HBO Max will launch in Europe next month on October 26th, the streaming service announced today. Sweden, Denmark, Norway, Finland, Spain, and Andorra are the first six countries it’ll be available in, before it expands to the following 14 territories next year: Bosnia and Herzegovina, Bulgaria, Croatia, Czech Republic, Hungary, Moldova, Montenegro, North Macedonia, Poland, Portugal, Romania, Serbia, Slovakia, and Slovenia.
The list of territories corresponds to the regions currently covered by HBO Europe, which operates a handful of different streaming services on the continent including HBO España, HBO Nordic, and HBO Go. The company has previously said it plans to transition its European HBO-branded services to HBO Max over the course of this year.
Larger markets like the UK, Italy, France, and Germany are absent from the list
Notably absent from the list are larger markets like the UK, Italy, France, and Germany. HBO has historically not operated standalone services in these countries, The Hollywood Reporter notes, but has instead opted to license its content to local operators like Comcast-owned Sky in the UK. HBO says that “additional territory launches are also planned for next year.”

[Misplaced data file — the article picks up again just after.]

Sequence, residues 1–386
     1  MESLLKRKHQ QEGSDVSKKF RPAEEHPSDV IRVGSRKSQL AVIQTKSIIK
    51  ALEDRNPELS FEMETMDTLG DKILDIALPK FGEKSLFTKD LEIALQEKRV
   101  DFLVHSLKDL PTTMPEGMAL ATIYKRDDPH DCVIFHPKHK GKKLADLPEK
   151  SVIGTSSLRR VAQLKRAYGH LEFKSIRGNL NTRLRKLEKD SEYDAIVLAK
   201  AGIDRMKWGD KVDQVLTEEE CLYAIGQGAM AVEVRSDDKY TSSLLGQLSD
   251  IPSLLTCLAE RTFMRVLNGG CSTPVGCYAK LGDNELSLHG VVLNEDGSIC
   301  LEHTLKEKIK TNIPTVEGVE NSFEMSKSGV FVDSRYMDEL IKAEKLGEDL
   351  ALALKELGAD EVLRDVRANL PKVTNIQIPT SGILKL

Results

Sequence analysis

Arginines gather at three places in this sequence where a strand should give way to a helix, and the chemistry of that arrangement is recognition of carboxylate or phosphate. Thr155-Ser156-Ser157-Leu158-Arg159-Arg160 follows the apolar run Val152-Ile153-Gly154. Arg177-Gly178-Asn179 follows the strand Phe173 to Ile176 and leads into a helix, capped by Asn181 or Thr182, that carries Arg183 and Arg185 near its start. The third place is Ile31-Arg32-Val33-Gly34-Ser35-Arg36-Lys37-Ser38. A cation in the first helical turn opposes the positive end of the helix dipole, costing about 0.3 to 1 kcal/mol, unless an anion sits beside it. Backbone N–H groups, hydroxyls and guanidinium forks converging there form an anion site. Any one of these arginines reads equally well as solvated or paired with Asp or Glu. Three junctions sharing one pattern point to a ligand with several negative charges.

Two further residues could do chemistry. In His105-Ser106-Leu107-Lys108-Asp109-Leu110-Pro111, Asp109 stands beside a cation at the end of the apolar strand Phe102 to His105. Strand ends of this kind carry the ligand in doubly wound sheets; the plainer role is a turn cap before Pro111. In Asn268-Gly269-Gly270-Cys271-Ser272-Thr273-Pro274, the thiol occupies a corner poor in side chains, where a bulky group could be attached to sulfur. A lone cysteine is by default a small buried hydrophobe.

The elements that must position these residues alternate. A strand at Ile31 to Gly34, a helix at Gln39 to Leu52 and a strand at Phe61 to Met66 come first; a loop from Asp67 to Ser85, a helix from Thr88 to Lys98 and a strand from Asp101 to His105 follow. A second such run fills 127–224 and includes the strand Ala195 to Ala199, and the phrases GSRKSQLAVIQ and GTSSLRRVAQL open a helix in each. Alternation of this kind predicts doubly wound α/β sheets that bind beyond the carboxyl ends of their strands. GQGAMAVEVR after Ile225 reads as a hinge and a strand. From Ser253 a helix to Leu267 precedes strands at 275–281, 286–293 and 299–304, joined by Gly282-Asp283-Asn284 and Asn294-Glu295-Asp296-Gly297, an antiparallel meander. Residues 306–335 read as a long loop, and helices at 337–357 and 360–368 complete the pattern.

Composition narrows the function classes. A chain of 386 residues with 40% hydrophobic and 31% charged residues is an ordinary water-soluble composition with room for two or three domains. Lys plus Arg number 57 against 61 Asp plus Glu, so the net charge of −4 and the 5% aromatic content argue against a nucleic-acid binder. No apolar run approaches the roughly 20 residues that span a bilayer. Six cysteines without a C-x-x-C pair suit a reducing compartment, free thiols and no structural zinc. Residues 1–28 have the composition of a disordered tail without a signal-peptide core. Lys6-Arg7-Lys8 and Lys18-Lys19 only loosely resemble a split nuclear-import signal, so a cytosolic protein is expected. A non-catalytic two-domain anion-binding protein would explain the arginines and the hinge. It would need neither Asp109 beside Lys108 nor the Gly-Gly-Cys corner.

“WarnerMedia movies and series like Harry Potter, Game of Thrones and The Big Bang Theory are passionately consumed by fans all across Europe,” said Head of HBO Max International Johannes Larcher. “HBO Max has been created to provide them with the most intuitive and convenient viewing experience to watch these and a diverse range of other amazing titles.” HBO Max currently includes content from Warner Bros., HBO, DC, and Cartoon Network, as well as new content branded as Max Originals.
HBO Max debuted in the US in May last year. In June, the streaming service launched across 39 territories in Latin America and the Caribbean.
Today’s announcement doesn’t mention how much European customers can expect to pay for the streaming service. Instead, that information will be announced in a virtual launch event planned for next month, HBO says.